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RIP: A remix Manifesto

An open source documentary directed by the web activist and filmmaker, Brett Gaylor. The film focus on the work of a mashup musician, Girl talk, to analize copyright law and how it is affecting creativity as well as knowledge building. Is really actual interpretation of copyright a measure to encourage creativity? Who are the ones who have more interest in defending this production model? Can ideas be copyrighted?

These are some of the questions that appear in a documentary presented as a manifesto for remix cultures. This manifesto is built on four premises:

1- Culture always builds on the past.

2- The past always tries to control the future.

3- Our future is becoming less free.

4- To build free societies you must limit the control of the past.

The arguments exposed by Lawrence Lessig are key to defend the first premise of the manifesto. Taking Walt Disney as an example, -remember that he adapted existing stories considered part of the public domain – it seems clear that the past is a great source for inspiration. The question here is: why was Walt Disney allowed to proceed that way while other artists’ work as Girl Talk can be considered illegal? As the responsible for registration of intellectual property states, the consideration of Girl Talk’s work as illegal depends on the power of those whose interests seem to be threatened.

The second statement “The past always tries to control the future” is extremely close to George Orwell’s 1984 sentence “Who controls the past controls the future: who controls the present controls the past”. Step by step it seems we’re getting closer to dystopic predictions of the future. The power achieved by author rights corporations (apparently to defend the authors’ rights) has arrived to a point in which “reality overcomes fiction”. Do we have to pay in order to play or sing a happy birthday song? Do hairdressers have to pay a tax to SGAE -Spain’s General Society of Authors and Editors- in order to listen to the songs played on the radio while they cut their clients’ hair?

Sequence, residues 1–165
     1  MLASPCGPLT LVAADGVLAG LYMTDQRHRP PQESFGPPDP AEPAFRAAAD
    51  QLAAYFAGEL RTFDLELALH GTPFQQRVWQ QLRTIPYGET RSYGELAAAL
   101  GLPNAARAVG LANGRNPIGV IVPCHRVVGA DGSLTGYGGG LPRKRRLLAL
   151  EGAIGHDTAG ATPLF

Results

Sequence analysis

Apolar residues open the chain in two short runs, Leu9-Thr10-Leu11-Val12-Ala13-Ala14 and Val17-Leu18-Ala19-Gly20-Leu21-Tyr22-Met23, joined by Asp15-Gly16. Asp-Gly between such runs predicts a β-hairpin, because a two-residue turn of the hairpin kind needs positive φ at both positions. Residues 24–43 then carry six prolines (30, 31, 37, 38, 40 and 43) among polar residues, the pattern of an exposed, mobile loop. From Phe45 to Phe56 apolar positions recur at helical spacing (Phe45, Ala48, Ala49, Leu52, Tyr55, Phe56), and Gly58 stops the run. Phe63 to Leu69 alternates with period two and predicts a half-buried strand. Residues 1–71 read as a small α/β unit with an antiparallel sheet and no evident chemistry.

Is our future becoming less free? If we can’t get advantage of previous works, it’s clear that our capacity to create, innovate and find solutions is strongly limited. Probably, one of the main problems is that actual copyright law has been made to preserve the leading position of some lobbies rather than to guarantee authors’ recognition over his/her work. However, as Cory Doctorow argues, possibly we are facing a change of model, so what worked in 1992 is not valid enough in 2008. Right now, it’s quite well accepted that we are in a networked society. In general, this trait is presented as positive and challenging. However, as soon as people organize and start to freely exchange materials, corporations and lobbies try to stop it. At this point, a true debate about what is and should be considered as public domain, the commons, needs to be faced.

Many times, copyright debates end in a two extreme solutions in which one of them seems to pretend avoiding paying authors for their work. The situation is not like this. What is being questioned is that actual copyright laws don’t preserve public goods but put them on the hands of the private sector. What is being questioned is that the only possibility is to continue a business model based on copyright. Is at this point where we should look for alternatives to limit the control of the past in order to build free societies. Precisely, one of these alternatives are the commons.

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